You mentioned Facebook community as an example. What’s your position about driving people to an area where you’re not the owner of that community or that place? Facebook is the owner of that. Do you want to drive them to a membership site that you 100% control and own? Maybe you’re running Memberium and you’ve got a WordPress site and there’s a whole bunch of great resources and community inside your membership site. That’s a lot harder to get people to regularly collaborate and communicate within a WordPress-based membership site. What are your thoughts on that?Whether people work with you or not, you want them to walk away with something great. Click To Tweet
What we’ve done with this with our own stuff is we drive people to our email list first. We have high engagement with our email list that’s in part one. In that email, we invite them to our Facebook community. I haven’t tried anything off of Facebook that has been most successful for us, but I can understand what you’re saying as well that you don’t own that place. That does go away that can be a bit of an issue. For us, for a lot of our training and things like that, that has worked great. We have new training that happens in the group, we promote with them to the email list as well. We’ve used our email list as this way to create that continuing relationship, bring them into the community but also let them know what’s happening in the community. Let’s say if that community does change where it’s located, we can redirect them to that new place. For us right now, it’s been Facebook because it works very well but we have not directed them to any membership site or anything like that.
Are you emailing on a regular basis to get them to continue to get into the Facebook community and collaborate or is it a one time? Once they’ve gotten in, they’re now part of the group and you’re hoping they continue to participate.
When somebody jumps into one of our opt-ins, the first thing that happens is they get seven days of emails that teach them basically to apply more the things that we gave them. I don’t want them to just get something, I want them to be able to use it and have a win with it. In that sequence, we offer our Facebook community as well. That’s their first ability to jump in on that. We also email our list three to four days a week as well. I’m not a daily emailer. I know there are a lot of people like Marc Mawhinney who have seen a ton of success with that. We email three to four days a week and one of those emails is something that’s going on in our Facebook community. It gives them the ability to jump into the Facebook community if they haven’t already.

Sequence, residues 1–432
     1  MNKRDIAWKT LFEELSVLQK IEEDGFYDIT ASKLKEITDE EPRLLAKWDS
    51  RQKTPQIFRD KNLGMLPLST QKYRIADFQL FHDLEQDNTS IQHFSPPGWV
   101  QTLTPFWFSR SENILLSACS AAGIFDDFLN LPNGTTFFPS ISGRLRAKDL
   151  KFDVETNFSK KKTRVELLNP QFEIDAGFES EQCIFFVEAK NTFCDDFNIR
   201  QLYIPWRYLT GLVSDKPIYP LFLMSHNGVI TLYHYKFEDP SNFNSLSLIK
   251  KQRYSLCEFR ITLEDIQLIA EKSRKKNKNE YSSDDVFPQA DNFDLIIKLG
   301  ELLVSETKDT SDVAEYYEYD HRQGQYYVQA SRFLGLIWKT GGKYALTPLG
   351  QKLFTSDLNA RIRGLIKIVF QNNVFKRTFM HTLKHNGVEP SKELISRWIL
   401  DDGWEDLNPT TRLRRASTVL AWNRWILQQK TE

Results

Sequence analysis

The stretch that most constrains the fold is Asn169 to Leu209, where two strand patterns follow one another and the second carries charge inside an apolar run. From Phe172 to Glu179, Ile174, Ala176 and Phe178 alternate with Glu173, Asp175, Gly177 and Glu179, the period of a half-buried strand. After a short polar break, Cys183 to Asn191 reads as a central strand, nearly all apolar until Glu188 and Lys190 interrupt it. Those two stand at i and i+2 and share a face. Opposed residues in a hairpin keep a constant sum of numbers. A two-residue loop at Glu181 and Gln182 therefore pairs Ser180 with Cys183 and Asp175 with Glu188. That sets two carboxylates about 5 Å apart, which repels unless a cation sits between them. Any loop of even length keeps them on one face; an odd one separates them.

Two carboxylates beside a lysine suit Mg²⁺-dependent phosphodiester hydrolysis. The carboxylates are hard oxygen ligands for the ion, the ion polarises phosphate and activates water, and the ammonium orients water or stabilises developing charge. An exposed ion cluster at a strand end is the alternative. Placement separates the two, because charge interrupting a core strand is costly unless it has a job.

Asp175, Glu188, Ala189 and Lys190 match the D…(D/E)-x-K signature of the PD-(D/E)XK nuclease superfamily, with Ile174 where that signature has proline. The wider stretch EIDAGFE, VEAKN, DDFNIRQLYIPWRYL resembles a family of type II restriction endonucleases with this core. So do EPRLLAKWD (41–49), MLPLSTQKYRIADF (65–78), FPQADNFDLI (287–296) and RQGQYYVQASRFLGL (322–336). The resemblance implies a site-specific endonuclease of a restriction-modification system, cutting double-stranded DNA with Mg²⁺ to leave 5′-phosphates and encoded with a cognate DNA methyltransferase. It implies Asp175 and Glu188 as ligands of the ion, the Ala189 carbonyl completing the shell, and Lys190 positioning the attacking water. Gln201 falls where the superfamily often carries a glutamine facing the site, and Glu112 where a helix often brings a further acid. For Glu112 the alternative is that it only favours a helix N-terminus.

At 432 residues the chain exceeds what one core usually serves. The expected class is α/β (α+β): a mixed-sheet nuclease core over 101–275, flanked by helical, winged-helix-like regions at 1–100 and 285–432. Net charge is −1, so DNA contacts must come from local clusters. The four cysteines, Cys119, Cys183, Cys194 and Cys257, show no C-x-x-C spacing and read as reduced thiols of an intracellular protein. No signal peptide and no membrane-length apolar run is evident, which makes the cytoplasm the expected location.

They’re getting at least one chance a week to jump into that community if they haven’t already from that original option to get into our group. Based on what the tracking links looked like, we pick up two or three people a week from the emails that we’re sending to our list who are saying originally, “I wasn’t interested but this training that you’re doing looks interesting to me,” because we have expert training that we do once a week where we bring in an expert and teach the group. I have new people join the group, around two or three who didn’t originally go through that opt-in sequence.
Is this seven-day sequence in the form of a challenge like a, “Seven-day Challenge?”
It’s not really that. What I’ve done is in the worksheet, we give away six different things that we’re teaching them to do and teach them an application in that. In that, we also have a hero’s journey like, “Who am I? Why do I have the ability to teach you?” I want them to have a little bit more affinity for who I am. The other thing is we bring them into our webinar training and that teaches them more on what we have there. The Facebook group is offered there. There isn’t any challenge but we have seen a lot of success in trying to train people up to be good at what I taught. I found that even if they’re not the right person, they tend to refer people to me who is the right person because I spend much time teaching them.
I do have a five-day challenge and it’s set up as you’re going to do homework. The challenge is to do this thing that I taught on a video and then you post your homework or the thing that you accomplished to the Facebook group. Then you get some unadvertised bonuses if you do these things over the course of five days. That’s a cool model. A lot of marketers are doing the five-day or seven-day or 30-day challenge. Is there a particular challenge that you know of that you think is a gold standard of a five-day, seven-day challenge or do you not have one off the top of your head?
We haven’t done much of a challenge. You talked about the one you’re doing, that’s something I look at implementing into what we’re currently doing because it wouldn’t be a huge change into how things are currently operating. It sounds like it could drive a lot more engagement. Off the bat, I don’t have one but I’m interested to give yours a shot.